The Independent Student Newspaper of St. John's University

The Torch

The Independent Student Newspaper of St. John's University

The Torch

The Independent Student Newspaper of St. John's University

The Torch

Another Apocalyptic Disappointment

An apocalyptic future has become a
popular theme in movies released in
the past couple of months, but most
have failed to live up to their expectations.

Along with Hollywood blockbusters
about robots threatening to end humanity in
Transformers 2 and Terminator Salvation, and cataclysmic events devastating the world in 2012, TheBook of Eli also paints a grim future for moviegoers but leaves little to remember in the end. The fi lm takes place in a post-apocalyptic setting 30 years after a war that causes worldwide devastation.

A wanderer named Eli (played by Denzel
Washington) spends his days traversing across what is left of America, and becomes a warrior out of necessity.

With the last remaining copy of the Bible in
his hands, Eli remains hopeful that his vision of a better future will eventually come true. Eli uses ninja-like fi ghting abilities to protect the book from getting into the wrong hands, especially those of Carnegie (played by Gary Oldman), the leader of a small town of thieves and gunmen.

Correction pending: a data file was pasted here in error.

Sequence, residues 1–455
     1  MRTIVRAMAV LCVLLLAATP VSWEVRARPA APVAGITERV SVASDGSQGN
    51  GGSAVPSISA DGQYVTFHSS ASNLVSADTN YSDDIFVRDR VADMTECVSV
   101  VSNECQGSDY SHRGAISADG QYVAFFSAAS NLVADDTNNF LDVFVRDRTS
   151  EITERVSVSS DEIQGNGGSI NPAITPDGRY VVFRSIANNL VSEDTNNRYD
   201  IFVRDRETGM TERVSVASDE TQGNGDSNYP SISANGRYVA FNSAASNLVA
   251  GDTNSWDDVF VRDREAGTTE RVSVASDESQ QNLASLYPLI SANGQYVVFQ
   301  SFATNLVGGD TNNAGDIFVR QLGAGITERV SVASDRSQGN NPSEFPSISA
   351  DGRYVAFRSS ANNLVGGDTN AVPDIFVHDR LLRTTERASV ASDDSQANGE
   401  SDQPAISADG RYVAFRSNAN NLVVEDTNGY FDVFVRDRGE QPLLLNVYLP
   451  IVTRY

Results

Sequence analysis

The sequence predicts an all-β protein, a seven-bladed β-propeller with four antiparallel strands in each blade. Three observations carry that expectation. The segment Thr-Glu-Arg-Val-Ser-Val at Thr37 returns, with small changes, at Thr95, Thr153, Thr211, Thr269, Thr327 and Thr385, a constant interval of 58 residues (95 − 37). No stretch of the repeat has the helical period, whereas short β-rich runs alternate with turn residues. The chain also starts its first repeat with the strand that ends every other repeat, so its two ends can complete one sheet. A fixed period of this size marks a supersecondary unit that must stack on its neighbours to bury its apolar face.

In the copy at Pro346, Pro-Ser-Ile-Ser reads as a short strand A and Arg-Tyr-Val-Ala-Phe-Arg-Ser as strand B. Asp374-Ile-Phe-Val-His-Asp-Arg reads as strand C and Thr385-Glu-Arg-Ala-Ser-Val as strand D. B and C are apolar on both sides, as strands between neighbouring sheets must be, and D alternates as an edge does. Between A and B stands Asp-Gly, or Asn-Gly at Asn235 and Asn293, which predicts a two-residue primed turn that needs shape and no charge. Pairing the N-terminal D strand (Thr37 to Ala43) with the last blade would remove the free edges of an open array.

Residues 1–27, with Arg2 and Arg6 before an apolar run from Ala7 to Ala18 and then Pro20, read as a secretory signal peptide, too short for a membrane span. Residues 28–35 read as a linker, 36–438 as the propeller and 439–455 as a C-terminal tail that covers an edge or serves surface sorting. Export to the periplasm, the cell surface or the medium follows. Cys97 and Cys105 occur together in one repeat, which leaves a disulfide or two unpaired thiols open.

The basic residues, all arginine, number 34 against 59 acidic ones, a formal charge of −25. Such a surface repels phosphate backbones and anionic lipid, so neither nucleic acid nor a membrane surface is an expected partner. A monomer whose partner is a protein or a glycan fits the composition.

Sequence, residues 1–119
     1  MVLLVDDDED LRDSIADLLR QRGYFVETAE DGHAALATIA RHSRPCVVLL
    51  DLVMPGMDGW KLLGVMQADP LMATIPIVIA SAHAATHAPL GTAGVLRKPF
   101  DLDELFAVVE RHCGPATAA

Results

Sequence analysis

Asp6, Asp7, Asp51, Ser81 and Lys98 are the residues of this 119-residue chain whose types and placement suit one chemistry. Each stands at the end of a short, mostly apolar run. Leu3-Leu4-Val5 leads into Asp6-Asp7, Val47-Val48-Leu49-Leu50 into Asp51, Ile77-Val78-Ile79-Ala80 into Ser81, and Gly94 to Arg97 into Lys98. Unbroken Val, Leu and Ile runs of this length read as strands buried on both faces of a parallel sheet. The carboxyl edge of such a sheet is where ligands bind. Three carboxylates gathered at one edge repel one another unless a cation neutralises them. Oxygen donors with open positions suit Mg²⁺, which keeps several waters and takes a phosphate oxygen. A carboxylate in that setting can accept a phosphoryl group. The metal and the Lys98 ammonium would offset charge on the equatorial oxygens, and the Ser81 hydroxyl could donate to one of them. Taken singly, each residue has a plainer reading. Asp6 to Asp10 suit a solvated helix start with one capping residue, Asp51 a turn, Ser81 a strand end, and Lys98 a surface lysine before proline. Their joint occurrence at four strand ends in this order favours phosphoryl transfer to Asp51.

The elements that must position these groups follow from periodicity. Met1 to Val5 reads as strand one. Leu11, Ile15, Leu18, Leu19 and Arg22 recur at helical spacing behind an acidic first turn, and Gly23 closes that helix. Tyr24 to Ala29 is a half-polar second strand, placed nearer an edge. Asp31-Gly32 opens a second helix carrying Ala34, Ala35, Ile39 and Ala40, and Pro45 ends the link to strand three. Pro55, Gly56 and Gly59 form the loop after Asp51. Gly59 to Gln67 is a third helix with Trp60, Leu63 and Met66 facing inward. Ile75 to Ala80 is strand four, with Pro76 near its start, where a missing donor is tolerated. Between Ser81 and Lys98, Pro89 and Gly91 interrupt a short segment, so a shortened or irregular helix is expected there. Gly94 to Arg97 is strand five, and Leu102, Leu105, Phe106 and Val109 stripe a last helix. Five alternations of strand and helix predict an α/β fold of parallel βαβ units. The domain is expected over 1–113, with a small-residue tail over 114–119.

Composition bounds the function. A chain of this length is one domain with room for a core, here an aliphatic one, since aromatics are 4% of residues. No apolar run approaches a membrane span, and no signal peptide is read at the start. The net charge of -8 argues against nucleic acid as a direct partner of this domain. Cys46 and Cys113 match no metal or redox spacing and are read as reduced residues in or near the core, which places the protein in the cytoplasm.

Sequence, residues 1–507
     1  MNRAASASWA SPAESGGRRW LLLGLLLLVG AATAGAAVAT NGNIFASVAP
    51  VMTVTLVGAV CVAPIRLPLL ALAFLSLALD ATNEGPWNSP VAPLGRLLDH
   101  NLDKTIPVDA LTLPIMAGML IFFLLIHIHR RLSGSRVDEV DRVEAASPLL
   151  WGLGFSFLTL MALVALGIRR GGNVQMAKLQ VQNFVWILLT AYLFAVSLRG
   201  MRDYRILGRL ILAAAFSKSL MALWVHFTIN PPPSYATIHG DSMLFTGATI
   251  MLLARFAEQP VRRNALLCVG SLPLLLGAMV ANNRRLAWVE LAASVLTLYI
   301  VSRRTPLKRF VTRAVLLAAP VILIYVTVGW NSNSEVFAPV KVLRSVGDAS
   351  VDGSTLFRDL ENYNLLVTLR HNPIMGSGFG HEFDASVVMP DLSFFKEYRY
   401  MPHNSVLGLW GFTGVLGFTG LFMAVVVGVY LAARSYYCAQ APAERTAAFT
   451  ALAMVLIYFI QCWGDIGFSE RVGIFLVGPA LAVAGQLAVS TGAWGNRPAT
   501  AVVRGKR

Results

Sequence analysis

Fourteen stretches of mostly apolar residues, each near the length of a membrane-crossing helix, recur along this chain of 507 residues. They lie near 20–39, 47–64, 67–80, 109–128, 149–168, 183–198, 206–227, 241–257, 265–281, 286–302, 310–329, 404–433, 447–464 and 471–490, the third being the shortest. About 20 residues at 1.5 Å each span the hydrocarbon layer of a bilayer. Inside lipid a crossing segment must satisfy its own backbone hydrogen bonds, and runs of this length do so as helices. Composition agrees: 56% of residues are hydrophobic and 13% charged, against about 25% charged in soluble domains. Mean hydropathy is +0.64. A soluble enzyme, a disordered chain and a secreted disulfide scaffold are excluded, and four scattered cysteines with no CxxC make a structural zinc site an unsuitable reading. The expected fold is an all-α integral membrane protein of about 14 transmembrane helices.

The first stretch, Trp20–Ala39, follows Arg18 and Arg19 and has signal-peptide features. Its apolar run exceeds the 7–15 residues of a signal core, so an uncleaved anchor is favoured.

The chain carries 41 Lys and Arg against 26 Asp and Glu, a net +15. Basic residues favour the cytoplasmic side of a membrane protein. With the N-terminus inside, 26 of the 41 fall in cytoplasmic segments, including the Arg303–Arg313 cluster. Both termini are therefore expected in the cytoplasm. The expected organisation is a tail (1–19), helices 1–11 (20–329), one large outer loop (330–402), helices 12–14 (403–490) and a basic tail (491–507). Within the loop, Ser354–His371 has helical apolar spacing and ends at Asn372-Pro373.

He yearns for the book and the power that Eli possesses, which his stepdaughter, Solara (played by Mila Kunis) recognizes as far beyond her father’s level of control.

The actors do a decent job at bringing their
characters to life, but Washington’s portrayal of Eli as a mysterious and tough, yet kind, vagabond is underdeveloped. The audience only learns the reasons of Eli’s travels and his protection of the Bible, but little is revealed about his background.

Oldman plays the chaotic and selfi sh villain well by showing his evil determination to do what it takes to get what he wants, even if it includes abusing his blind wife. Kunis’ character seems to have no reason for being in the movie other than to serve as Eli’s companion and eye candy for the audience.

The directors of the fi lm, Albert and Allen
Hughes (who also directed From Hell and Dead
Presidents), create a beautiful post-apocalyptic
world with desert landscapes and ominous skies
that depict the appropriate tone of gloominess
and despair. However, The Book of Eli is nothing
more than impressive visuals and great action
sequences. Although the signifi cance of preserving
the pre-apocalyptic world through the Bible
is evident, the ongoing battles between Carnegie
and his henchmen against Eli overwhelm the audience
with unnecessary violence.
The ending also makes little sense and might
be disappointing for a fi lm that features a premier
actor like Washington. Audiences should not
close the book completely on Eli, but it does not
quite meet its potential.

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